This past summer, “September’s” football-based afterlife roamed even further. England fans at the World Cup in Russia adopted “September” as one of their rallying cries as—unusually for the often-underwhelming national side—their team advanced to the semifinals. Altogether now: “Wo-ooh-ah, England are in Russia/Wo-ooh-ah, drinking all the vodka/Wo-ooh-ah, England’s going all the way!”
Still, as Willis tells it, “September’s” chorus, cheerfully bastardized by the fans, could have gone another way. She remembers the songwriting sessions in spring/summer 1978 going right to the wire, and “September” still had White’s habitual placeholder lyric in position.
“Maurice always used the phrase ‘ba-dee-ya,’ which starts out every chorus in the song, when first working on melodies rather than singing real words. And every time he did that, I said, ‘Well, we’re going to replace that with real words, right? ’Cause the song has to make sense.’
“Finally, it’s the last day of recording. The deadline is midnight and it’s 10 minutes to. And I was literally in the studio, on my knees, because I thought, ‘Oh my God, this stupid phrase is going to ruin the whole thing.’
“So I finally said to this incredibly calm, soulful, spiritual man, ‘WHAT THE F— DOES ‘BA-DEE-YA’ MEAN?’ And Maurice essentially said ‘Who the f— cares?’ And I learned the biggest lesson of my songwriting career at that moment: Never let the lyric get in the way of the groove.”
Trevor Nelson understands that sentiment. A veteran DJ and soul music legend in the UK, he dug in the crates to start playing “September” in his set five years ago.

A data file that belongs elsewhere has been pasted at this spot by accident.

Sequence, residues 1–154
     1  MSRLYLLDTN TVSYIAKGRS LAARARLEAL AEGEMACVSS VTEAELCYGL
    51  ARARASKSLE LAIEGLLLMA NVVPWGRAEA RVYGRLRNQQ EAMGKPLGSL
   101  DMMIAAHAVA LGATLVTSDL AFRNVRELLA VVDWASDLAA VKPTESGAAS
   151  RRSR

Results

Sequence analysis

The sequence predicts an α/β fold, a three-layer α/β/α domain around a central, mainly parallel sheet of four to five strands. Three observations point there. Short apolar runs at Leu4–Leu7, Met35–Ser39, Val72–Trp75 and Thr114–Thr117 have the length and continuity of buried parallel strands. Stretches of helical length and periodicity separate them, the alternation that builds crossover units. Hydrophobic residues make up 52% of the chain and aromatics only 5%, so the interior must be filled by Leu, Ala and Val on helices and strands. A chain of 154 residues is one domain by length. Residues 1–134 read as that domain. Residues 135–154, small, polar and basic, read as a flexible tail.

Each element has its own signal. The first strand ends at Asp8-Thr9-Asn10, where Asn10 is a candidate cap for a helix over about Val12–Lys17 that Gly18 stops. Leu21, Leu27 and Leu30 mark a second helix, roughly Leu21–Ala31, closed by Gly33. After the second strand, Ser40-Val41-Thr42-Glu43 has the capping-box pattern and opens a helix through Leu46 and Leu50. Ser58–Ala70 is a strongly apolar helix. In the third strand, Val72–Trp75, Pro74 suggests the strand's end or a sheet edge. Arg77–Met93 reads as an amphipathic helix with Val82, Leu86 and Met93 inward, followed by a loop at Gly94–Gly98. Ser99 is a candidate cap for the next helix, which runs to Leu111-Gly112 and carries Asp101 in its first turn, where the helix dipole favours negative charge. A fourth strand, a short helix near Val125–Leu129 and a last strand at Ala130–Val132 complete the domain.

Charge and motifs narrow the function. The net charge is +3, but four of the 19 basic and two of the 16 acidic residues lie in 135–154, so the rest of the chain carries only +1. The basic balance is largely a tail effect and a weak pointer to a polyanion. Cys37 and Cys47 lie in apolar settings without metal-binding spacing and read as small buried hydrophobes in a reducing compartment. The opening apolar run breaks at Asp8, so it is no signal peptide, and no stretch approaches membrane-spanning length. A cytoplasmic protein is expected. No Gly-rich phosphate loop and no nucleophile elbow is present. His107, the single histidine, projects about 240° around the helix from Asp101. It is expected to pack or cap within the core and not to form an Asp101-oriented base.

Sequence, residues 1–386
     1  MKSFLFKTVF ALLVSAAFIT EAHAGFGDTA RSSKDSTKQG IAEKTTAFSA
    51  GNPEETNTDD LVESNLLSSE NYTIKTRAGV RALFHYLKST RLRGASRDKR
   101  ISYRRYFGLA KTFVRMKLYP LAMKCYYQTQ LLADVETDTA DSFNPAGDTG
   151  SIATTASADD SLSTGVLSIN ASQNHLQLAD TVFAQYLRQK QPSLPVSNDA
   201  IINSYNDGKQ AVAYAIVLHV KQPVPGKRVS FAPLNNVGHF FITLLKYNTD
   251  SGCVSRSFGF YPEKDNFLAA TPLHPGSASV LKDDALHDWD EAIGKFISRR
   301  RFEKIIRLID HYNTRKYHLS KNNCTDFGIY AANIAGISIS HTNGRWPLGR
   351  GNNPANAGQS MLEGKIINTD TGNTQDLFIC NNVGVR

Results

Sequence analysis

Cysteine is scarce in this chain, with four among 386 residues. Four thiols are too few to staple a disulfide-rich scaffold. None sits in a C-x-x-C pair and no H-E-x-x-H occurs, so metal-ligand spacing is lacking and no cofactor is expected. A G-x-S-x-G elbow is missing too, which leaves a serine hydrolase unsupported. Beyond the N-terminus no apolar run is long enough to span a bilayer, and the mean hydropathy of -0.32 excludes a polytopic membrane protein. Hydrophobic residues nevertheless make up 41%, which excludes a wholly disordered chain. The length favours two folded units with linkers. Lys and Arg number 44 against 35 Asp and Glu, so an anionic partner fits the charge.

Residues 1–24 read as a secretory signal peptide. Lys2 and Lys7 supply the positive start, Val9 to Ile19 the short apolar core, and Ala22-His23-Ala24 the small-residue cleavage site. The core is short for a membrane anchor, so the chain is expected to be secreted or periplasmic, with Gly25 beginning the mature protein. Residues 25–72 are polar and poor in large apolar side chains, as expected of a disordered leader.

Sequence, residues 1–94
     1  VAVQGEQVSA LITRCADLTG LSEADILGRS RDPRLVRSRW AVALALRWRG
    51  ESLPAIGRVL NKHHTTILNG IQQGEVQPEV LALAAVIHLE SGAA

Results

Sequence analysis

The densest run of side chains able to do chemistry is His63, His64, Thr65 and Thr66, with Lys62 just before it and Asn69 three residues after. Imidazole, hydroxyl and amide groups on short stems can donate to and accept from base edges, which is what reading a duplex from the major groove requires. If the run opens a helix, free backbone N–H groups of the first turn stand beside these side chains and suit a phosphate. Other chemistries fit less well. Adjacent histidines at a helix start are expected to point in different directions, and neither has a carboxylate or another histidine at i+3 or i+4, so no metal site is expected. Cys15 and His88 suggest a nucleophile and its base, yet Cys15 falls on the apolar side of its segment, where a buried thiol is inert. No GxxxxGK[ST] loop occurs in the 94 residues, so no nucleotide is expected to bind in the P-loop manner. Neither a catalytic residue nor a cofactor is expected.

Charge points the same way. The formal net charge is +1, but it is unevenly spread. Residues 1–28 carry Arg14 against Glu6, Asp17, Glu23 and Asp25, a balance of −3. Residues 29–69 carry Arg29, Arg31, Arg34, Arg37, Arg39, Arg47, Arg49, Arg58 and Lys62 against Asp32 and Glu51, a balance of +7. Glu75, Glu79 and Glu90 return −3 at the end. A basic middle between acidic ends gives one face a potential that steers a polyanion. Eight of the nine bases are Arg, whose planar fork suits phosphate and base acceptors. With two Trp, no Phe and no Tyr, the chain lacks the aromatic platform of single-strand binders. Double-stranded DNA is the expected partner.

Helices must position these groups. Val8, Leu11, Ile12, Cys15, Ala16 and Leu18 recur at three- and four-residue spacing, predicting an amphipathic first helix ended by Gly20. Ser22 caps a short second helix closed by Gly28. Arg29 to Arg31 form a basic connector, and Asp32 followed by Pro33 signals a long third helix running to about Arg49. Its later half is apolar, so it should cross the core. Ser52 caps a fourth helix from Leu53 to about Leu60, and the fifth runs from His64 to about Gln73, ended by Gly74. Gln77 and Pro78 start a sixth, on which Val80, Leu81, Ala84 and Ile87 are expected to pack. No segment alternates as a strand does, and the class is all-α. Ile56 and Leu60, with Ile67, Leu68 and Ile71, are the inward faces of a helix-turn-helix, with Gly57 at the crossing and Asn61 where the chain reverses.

“If you’re making a dance record, you need the peaks,” he explains. “So ‘ba-dee-ya’ is the height, it’s euphoric. Plus, the song is at the classic tempo, around 126 to 128 BPM, which especially helps with getting the youngsters dancing.”
Nelson also considers the production quality as a key factor in “September’s” timelessness. “Earth, Wind & Fire were always slightly overproduced, let’s be honest,” he laughs. “Their productions were so clean. I always call them an entry-level soul-slash-dance band, and that means it’s easy to love this song.”
That “slickness” to the production, he adds, “makes it more palatable now—there are no rough edges.
“There were bands around then who were much rawer—Kool & the Gang were rawer, even the bloody Commodores were rawer! So Earth, Wind and Fire are in a time capsule with ‘September.’ You don’t go, ‘Oh, this is definitely a ’70s song.’ Obviously it is, but subconsciously you don’t feel it is. That’s why it sits so well with modern tunes in a DJ set.”
This festive season, Nelson will be hosting two big club nights in London, The Big Soul Nation Christmas Party and his New Year’s Eve Classics Party. For sure he’ll be spinning “September,” and at a crucial, judicious moment in his set.
“I’ll play it in the last hour when I want to find out if people want the party to keep going. And my parties have the biggest breadth of ages, from 20-somethings to people in their 50s. And when I play ‘September,’ they all, all ages, always do want the party to go on. It’s a uniting song, isn’t it?”
Amen to that, says Al McKay. At the age of 70, he still tours the world with the Al McKay Allstars—and still performs “September.”
“We’re in the UK some time next summer, so we’re looking forward to playing it. I’m so happy you guys did this for the song,” he says, offering a grateful shout out to British fans. “Forty years, unbelievable! Makes me feel so young.”
Which is exactly what “September” does for everyone, still—whatever the month, whatever the year.